Wednesday, July 02, 2003

In a sense, it was on Lowell’s watch as the Guardian of High Literary Value that the barbarians, led by Olson, Ginsberg, Kerouac, Levertov, Ashbery, Duncan, Creeley, O’Hara & LeRoi Jones, overthrew at last any residual pretense of a cohesive literary tradition extending outward from a “center” built around the School of Quietude (SoQ). Much of the reaction this past week to the release of an 1,186 page Collected Poems, published by the SoQ house press, Farrar, Straus & Giroux, has I think to do with reactions to this phenomenon.


On the one hand, you would expect the SoQ to be beating the drums, proclaiming this to be the literary event of the year. & there has been some of that. The subhead to Peter Davison’s review in The Atlantic Monthly, a journal founded by James Russell Lowell, reads “The new collection of Robert Lowell's poems will doubtless stand from now on as The Work.” Similarly, the subhead to a review A. O. Scott, the New York Times film critic, in Slate, calls Lowell ”America’s most important career poet.” The Los Angeles Times, which chose a woman who wrote a book on “living and dying” in the Christian Science church to review Lowell’s Collected, says that “the magnitude of Lowell's achievement — an achievement won against horrific odds — can now come fully and magnificently into view.” That at least deserves some sort of award for overwriting.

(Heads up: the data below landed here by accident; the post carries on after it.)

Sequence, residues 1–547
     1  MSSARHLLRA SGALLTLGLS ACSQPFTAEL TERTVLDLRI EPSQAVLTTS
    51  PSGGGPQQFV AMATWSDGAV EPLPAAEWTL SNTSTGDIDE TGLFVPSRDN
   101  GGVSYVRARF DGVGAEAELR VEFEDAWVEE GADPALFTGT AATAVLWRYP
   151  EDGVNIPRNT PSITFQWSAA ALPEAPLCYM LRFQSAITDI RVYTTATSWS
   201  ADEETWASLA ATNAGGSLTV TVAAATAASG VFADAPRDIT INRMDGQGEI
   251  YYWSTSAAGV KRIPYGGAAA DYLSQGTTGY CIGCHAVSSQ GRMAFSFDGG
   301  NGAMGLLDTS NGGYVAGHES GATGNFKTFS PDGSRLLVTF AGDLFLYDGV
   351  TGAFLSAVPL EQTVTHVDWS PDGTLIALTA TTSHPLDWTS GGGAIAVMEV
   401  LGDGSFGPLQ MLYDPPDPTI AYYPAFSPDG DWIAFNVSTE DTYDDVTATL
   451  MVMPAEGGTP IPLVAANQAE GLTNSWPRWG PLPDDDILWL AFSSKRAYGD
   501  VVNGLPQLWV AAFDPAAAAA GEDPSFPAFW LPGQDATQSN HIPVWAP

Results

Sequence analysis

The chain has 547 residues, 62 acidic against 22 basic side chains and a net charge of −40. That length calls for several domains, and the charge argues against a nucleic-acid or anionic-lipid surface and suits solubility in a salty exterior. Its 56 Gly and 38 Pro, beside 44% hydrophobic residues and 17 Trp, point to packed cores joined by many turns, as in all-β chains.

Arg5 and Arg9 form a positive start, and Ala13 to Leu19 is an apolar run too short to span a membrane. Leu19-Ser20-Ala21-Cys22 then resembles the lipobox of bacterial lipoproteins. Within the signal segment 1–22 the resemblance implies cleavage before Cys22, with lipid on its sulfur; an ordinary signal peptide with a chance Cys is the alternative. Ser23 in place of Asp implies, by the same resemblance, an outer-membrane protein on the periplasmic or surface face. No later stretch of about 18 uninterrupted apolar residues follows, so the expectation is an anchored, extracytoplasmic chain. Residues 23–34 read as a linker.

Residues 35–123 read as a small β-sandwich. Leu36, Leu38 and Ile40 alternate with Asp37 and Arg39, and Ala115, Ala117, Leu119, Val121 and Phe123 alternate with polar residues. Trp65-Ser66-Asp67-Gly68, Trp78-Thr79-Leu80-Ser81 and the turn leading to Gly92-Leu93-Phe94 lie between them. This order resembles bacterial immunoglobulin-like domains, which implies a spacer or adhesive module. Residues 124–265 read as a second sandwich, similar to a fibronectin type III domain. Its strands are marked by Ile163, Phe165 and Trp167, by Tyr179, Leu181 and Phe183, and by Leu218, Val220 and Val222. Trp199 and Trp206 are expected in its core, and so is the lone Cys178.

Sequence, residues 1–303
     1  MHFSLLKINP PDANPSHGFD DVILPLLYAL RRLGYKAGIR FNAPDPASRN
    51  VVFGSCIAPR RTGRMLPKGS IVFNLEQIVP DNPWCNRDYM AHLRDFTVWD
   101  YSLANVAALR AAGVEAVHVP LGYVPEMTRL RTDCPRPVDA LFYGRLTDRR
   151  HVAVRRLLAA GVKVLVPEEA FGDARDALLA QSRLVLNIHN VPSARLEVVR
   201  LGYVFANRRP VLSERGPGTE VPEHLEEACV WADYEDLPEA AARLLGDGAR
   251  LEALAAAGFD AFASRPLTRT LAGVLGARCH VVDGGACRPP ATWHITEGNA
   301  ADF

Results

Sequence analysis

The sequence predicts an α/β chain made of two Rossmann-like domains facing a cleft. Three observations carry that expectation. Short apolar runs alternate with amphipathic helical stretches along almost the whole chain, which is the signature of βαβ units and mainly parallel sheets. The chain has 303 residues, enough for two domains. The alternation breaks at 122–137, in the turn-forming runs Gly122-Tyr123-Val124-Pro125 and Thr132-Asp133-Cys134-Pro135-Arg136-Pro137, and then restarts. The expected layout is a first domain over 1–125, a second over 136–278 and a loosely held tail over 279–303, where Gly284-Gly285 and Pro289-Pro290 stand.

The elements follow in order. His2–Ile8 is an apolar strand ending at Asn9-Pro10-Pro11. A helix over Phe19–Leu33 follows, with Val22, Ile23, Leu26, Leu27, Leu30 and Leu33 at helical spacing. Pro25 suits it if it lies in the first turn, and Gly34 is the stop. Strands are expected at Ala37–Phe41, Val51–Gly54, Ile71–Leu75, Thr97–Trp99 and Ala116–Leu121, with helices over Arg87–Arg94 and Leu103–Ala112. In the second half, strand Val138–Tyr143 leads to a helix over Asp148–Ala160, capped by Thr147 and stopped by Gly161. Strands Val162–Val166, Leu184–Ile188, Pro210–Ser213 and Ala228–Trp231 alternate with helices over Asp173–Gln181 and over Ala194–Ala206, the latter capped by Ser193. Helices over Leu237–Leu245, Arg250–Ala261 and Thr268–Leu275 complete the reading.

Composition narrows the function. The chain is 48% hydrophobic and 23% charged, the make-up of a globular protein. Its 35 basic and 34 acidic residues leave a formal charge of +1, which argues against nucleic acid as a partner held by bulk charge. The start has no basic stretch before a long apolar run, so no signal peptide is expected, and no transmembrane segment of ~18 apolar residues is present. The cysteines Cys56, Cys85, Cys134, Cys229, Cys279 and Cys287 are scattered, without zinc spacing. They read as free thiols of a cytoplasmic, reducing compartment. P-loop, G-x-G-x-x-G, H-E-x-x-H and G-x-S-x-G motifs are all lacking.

At the same time there has been a lot of ambivalence expressed in the reviews as well, not so much at the poetry as at the career & faded reputation, suggesting a deeper (and not overtly expressed) anxiety about what his life & work say about the SoQ in general. The New York Times ran a Sunday Magazine piece on “The Vicissitudes of Literary Reputation,” by Charles McGrath, editor of that journal’s Book Review. W. H. Pritchard’s review in the Times notes that “Lowell had no place to go but down.” Newsday ran a review under the subhead “Robert Lowell was revered in his lifetime but is largely forgotten today.” Caroline Fraser in the LA Times quotes Donald Hall from a Boston Globe article, “You don’t hear his name much.”


But you shall. The Collected represents in many ways one final chance for the School of Quietude to resuscitate any residual life left in the Lowell heritage. A parallel project ten or fifteen years from now on behalf of Richard Wilbur certainly won’t do it. So it’s now or never. If this act of literary CPR doesn’t work, the Brahmin sub-sect of the SoQ will be stuck forever continuing to make do with its imported poets from the U.K. & Ireland.